Aloha! I’m Mariah Meyer, professional shark diver, marine biologist and self-proclaimed, gluten-free pizza aficionado. I grew up in San Clemente California and Kilauea, Kauai. After finishing college I moved to Oahu, Hawai’i for work.
Journey To Diagnosis
I was diagnosed with celiac disease and a few other autoimmune diseases halfway through my freshman year of college. I got sick almost every single day and had no clue what was happening to me—I felt so ill all the time and I couldn’t focus. After my endoscopy, I was told that I had an extremely inflamed intestine, and that I had. the genetic marker for celiac disease.
At the time I was studying to be a marine biologist and playing division 1 water polo. Because of malnourishment and other health complications, I had to quit the team. It felt like I had lost my identity when I wasn’t able to do the things I loved and had to miss so many classes for doctor appointments and transfusions.
Pushing for a Better Life
In college I felt like no one understood me or what I was going through; this was a time to have fun with friends and party, but I was in and out of doctors appointments. I felt so alone going out to eat with friends, worried that I would get glutened or just feeling left out because “I can’t eat that,” or “I can’t drink that.” I couldn’t go out to eat like normal because I had such major food anxiety, and it really alienated me from my friends and family.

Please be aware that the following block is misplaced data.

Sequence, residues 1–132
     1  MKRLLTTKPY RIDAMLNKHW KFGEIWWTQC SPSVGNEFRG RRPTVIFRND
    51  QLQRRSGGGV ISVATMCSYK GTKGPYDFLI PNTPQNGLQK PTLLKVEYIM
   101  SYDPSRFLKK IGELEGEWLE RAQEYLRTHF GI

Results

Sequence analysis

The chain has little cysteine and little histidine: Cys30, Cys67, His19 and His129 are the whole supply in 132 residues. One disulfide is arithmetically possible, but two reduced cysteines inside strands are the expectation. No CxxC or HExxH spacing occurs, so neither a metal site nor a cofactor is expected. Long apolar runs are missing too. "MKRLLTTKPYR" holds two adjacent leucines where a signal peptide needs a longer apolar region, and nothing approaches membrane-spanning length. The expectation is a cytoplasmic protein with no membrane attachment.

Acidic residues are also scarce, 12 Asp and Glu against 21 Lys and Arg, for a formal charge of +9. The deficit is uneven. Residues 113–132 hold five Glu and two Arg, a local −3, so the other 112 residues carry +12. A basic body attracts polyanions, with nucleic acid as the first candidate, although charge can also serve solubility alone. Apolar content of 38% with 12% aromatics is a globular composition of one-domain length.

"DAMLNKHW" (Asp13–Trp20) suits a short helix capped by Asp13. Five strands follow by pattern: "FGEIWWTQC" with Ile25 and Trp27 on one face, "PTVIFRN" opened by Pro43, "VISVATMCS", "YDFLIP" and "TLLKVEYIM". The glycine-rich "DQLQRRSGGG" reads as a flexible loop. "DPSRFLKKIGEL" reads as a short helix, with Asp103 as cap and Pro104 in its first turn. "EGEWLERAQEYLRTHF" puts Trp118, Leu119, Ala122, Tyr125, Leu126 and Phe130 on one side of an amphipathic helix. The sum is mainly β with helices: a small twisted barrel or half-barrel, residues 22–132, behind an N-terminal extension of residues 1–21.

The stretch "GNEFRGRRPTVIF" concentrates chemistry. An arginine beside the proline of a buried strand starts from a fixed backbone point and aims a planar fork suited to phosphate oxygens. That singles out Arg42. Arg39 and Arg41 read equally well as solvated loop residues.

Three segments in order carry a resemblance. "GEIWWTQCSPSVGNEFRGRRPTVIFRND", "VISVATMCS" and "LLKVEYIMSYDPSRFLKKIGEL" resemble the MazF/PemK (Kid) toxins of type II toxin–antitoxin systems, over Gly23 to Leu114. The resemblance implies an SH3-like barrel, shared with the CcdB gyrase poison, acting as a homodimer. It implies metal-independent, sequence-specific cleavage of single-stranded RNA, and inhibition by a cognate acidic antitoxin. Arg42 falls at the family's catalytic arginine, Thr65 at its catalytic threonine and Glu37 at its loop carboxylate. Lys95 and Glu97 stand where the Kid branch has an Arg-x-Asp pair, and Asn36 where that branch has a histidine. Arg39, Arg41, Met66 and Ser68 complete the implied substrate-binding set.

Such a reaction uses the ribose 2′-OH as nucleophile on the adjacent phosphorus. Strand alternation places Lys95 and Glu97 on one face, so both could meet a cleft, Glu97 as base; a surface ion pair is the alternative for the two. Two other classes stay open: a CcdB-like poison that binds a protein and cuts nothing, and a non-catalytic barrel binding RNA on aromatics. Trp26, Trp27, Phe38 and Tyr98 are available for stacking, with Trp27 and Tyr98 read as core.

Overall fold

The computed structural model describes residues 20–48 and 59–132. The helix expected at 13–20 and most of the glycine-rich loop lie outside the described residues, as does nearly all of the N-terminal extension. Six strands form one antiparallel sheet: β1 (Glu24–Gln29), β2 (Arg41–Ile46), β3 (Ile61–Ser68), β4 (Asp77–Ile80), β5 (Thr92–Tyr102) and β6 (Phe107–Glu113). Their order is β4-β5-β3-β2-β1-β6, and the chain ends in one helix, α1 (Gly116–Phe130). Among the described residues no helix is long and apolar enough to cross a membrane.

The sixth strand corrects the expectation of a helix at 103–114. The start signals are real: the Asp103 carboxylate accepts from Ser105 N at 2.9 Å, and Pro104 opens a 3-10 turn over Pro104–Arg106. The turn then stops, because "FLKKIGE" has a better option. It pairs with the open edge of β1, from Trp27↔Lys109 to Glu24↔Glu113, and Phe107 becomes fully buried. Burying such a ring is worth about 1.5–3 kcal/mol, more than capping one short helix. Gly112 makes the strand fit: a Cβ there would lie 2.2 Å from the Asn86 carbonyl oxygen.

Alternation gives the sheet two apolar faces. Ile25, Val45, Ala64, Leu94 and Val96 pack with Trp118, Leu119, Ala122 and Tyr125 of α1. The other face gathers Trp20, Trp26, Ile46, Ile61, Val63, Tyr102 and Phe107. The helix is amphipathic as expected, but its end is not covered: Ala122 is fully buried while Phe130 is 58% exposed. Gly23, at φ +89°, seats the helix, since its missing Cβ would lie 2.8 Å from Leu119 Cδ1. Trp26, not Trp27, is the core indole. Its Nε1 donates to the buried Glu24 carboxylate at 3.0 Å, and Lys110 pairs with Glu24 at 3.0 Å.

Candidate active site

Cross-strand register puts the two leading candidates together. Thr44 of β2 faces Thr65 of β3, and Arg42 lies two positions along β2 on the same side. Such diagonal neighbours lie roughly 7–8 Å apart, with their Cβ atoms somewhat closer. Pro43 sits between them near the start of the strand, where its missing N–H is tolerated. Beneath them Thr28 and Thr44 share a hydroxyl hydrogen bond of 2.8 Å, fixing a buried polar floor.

Thankfully I did have a great support system and began to advocate for myself more. After being diagnosed with celiac disease, I still had issues with digestion and bloating that was not normal. After seeing four or five doctors and them all telling me it’s just symptoms of celiac, I found out I’d had SIBO for over a year! It was a great feeling to be finally diagnosed after being paranoid for so long. I was so happy to have a second diagnosis and finally be able to “fix” myself.
Living Life to the Fullest
It was a really long and tough road for me to get to where I am now, but I graduated with honors in the top of my class and was able to take my dream job as a shark safety diver and marine conservationist in Hawai’i. I still suffer from flare-ups and I do occasionally get glutened as well. I also struggle with chronic fatigue because I have a very physical job—my friends even call me sleeping beauty.
Life isn’t perfect with this disease, but it does get better. I want to show people that you can do anything you set your mind to, even if you do have limitations. I love being in the ocean because there I feel like I have none of the “land” problems that I do. The ocean has taught me to be thankful for all I have. There are times where I wake up and wish I looked different or didn’t have all the health issues. But the ocean reminds me that I have a strong healthy body—a body that lets me surf, swim and freedive. And I am extremely thankful for that.